“How Tiresome” by Rhina P. Espaillat

Rhina P. Espaillat


How tiresome, this dying, not at once,
you think, but incrementally, as year
by year—or, as of late, every few months:
this spate of thefts by those who leave us here.

A lifelong friend takes half your youth, then some
old dear pilfers the rest, and then your spouse
makes off with all the life there was to come,
till nothing’s worth the chores around this house
that you inhabit—that you are. But when
new sprouts throw off the weight of last year’s leaves—
February’s wreckage—it seems right again
to feed and water them. You know they’re thieves,
the young already plotting their goodbye.
Nevertheless you think, Just one more try.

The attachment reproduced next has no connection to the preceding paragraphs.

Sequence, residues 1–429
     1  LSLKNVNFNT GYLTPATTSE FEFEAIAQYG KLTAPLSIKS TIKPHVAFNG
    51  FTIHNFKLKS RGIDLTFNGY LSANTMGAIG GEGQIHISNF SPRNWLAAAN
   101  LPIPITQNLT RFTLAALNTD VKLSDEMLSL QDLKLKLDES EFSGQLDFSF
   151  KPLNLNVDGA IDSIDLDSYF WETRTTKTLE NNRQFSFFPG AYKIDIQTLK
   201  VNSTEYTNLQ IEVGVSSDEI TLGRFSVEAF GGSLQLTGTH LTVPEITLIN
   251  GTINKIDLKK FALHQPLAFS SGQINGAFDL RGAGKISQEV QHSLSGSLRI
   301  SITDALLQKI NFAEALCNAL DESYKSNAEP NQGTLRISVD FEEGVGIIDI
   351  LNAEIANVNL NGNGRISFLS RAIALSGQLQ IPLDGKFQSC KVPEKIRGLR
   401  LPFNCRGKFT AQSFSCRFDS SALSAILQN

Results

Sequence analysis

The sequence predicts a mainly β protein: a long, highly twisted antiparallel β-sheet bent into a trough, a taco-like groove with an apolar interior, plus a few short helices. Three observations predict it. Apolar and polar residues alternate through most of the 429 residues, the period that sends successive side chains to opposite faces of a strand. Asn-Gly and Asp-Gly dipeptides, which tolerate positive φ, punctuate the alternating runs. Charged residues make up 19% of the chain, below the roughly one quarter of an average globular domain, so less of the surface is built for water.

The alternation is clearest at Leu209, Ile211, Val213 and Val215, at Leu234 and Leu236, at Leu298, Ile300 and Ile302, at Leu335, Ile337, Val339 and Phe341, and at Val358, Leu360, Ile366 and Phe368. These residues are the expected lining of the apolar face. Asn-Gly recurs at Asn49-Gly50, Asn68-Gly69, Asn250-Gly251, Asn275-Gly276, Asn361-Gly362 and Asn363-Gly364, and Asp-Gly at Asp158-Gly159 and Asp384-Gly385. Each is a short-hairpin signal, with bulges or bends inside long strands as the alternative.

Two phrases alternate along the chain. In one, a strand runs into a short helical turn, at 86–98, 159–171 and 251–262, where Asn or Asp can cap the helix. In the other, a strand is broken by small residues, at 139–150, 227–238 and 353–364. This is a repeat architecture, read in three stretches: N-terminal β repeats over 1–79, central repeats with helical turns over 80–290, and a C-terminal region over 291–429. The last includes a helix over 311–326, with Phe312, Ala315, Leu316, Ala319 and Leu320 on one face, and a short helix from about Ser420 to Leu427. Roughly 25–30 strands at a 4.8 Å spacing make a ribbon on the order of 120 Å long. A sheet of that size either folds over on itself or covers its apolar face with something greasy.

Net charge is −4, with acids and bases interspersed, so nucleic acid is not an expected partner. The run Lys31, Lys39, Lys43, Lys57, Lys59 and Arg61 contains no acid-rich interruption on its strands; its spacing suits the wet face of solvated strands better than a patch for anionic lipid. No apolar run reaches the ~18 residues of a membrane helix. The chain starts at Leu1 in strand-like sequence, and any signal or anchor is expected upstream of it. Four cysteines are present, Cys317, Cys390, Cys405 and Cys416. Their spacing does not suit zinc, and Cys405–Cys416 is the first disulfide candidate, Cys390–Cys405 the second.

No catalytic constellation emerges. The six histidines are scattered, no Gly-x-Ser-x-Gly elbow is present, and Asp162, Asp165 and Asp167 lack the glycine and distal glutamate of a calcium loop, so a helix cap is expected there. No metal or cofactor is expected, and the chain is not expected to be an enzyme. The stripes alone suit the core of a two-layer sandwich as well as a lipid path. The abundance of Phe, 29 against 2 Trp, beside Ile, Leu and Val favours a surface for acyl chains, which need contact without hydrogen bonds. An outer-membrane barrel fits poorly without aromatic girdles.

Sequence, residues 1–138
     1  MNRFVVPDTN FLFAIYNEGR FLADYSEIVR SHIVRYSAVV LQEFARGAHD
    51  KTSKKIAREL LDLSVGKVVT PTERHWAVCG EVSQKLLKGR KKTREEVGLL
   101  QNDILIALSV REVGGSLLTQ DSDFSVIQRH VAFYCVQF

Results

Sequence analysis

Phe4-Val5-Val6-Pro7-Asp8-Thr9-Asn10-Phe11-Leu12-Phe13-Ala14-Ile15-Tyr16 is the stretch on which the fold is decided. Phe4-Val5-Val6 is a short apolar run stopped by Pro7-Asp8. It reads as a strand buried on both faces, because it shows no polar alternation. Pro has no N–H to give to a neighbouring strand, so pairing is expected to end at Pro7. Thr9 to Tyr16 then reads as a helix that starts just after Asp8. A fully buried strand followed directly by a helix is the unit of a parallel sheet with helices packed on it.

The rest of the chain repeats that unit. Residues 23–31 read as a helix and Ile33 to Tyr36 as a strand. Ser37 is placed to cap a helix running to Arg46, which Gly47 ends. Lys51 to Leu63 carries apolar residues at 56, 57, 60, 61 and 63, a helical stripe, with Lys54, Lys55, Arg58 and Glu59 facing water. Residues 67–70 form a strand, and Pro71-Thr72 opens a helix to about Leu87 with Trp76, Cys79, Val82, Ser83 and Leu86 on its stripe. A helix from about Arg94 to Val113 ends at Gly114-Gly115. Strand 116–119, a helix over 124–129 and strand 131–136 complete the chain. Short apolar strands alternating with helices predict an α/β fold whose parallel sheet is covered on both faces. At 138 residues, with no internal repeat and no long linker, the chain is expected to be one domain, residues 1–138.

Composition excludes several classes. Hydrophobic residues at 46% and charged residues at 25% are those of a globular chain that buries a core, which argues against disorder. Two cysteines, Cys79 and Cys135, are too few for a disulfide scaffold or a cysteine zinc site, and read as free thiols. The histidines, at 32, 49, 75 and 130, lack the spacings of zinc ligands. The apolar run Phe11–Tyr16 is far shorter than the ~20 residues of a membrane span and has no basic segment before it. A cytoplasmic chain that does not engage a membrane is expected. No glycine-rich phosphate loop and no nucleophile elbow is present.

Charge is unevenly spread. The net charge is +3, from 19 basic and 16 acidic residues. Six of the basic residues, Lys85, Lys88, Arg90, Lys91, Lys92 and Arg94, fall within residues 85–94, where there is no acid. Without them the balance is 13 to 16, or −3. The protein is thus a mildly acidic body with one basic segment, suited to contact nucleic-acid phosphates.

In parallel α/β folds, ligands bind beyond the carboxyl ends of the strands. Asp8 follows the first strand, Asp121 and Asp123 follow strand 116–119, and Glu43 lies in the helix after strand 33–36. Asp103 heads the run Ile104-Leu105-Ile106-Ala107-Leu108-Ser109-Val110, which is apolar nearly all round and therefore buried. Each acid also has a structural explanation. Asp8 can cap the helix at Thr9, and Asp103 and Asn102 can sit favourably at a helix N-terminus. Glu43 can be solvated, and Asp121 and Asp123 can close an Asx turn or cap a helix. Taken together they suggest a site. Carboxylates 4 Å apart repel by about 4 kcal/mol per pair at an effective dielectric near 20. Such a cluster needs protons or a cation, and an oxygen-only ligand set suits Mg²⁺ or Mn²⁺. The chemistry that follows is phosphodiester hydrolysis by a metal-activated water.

from Rattle #58, Winter 2017
Rattle Poetry Prize Finalist

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Rhina P. Espaillat: “Why do I write? At first, in my native Spanish, I did it for the simple joy of dancing to my own words. Later, in English—the language in which I grasped the not-simple that underlies the music of speech—I learned to write to celebrate what I love, feel my way through experiences I can’t manage to think through, mourn losses, give thanks for what’s left, and prepare for the possible loss of more.”

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